Michael Carroll had his jaw wired shut for eight weeks after he returned home from the Army in 2004. He went through speech therapy and had electro-shock therapy for back pain, the results of combat in Iraq. Then he was diagnosed with PTSD and TBI. He struggled with anger, homelessness, thoughts of suicide and feeling alone without the military structure that had become so familiar.
Now he mentors three veterans going through the veterans court, including Jones.
“I went through my own trials and have my burdens,” he says. “Whenever I’m helping out a veteran, I am just letting them know there is light at the end of the tunnel.”
They’re required to make contact at least once a week — via a text, call, email or meeting — but it’s often more than that. Carroll recently helped one veteran and his wife find affordable housing and threw them a baby shower. He sometimes talks to another one for two hours or longer a few times a week.
Mentorship is a crucial part of the court program, Judge Peterson says. While nearly everyone who organizes the court is a veteran, their interaction with participants has its limits. With one-on-one interaction, veterans can get advice on readjusting to society and get practical help, like a ride to a job interview.
This type of support was lacking when veterans returned from the Vietnam War, but Dr. Anna Medina says she and others are trying to change that for this generation’s service members.
Medina, who teaches a trauma seminar at Gonzaga University and has presented at two of the veterans forums, hopes to use the veterans’ experiences to study the homecoming process and help non-veterans know how to be of some help.
In talking with students, Medina says there’s a misconception that “when you come back you either have PTSD or you’re fine,” which makes it hard for the veteran and civilian worlds to communicate about veterans’ issues.
“I think there are people who are very appreciative of what these people have been through and we just don’t know how to be of service to them,” she says.
Jim Duncan, 31, knows what it’s like to have people assume he’s “fine” because he didn’t see combat during his time in the Marines. He doesn’t have a PTSD diagnosis. He doesn’t have a brain injury. But that didn’t mean his readjustment was easy, he says.
Duncan’s voice is deep — a mismatch with his wiry frame and round glasses. He worked as a mapmaker on a Navy ship throughout Asian waters and, when he got back in 2009, things started to fall apart. His wife left him and he felt aimless without military structure. He moved back to Spokane from North Carolina, moved in with his parents and started attending Spokane Falls Community College.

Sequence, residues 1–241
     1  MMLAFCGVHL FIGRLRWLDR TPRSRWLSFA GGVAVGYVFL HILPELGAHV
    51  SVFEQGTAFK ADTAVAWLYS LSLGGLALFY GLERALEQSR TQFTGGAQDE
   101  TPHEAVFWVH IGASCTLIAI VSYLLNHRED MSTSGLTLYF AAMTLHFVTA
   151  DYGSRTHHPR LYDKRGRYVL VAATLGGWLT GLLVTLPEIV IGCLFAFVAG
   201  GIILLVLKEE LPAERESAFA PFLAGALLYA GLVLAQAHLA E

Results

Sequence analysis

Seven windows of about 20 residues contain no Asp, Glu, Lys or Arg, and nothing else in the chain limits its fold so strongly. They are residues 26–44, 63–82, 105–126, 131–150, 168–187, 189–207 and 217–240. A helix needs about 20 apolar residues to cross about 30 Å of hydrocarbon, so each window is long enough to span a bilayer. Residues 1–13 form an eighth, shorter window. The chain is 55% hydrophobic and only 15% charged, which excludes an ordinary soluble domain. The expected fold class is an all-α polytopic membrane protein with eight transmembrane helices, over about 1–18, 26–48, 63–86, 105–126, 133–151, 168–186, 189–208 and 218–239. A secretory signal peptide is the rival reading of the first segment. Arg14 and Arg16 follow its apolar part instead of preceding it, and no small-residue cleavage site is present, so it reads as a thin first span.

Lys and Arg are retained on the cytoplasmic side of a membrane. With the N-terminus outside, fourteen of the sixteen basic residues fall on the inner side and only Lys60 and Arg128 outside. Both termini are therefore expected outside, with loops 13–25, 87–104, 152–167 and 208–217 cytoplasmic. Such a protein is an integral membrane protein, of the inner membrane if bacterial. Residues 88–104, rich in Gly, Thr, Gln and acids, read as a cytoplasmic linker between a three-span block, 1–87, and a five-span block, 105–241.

Then he got in an argument last Halloween night, broke someone’s cell phone and went to jail overnight for destruction of property. He doesn’t want to talk about the details, but he says it’s an experience that changed everything. Soon after his arrest, Duncan entered the veterans court and learned to manage his anger.
“It’s not easy. There were times I would feel angry, but I would just think about all the things I’d been through and all the counseling I had done and all the people who had tried to help me,” he says. “And it just wasn’t worth it to let myself get back in trouble.”
Next week, he’ll graduate with Jones. Then he plans to become a mentor for other veterans in the program.
The success of the program for veterans like Jones and Duncan has been particularly impressive, Judge Peterson says, because its budget remains nearly nonexistent. Peterson, the prosecuting attorneys, public defenders and probation officers all volunteer their time, taking on veterans court cases on top of their regular workload.
The state veterans department is temporarily funding half of a justice officer position to help the court, but Peterson is looking to federal grants to keep the program going and to expand it to as many as 400 participants.
“These young ladies and men have seen more combat minutes than their dads did in Vietnam or their granddads did in World War II. We’re talking three, four, five, six tours. You couldn’t be human and go through that and not be affected,” he says. “We want to bring them back into the culture they defended.”
Jones knows his struggles aren’t over. He still feels anger. He still has nightmares. When that happens he thinks about his daughter, Mae’lyiah, who was born just after he returned from Iraq in 2009.
And, especially these days, as he prepares his reflective letter to read at graduation, he’s thinking about the veterans court and where he might be without it.
“Jumping off a bridge or in jail,” he says. “I’d have nothing to live for.”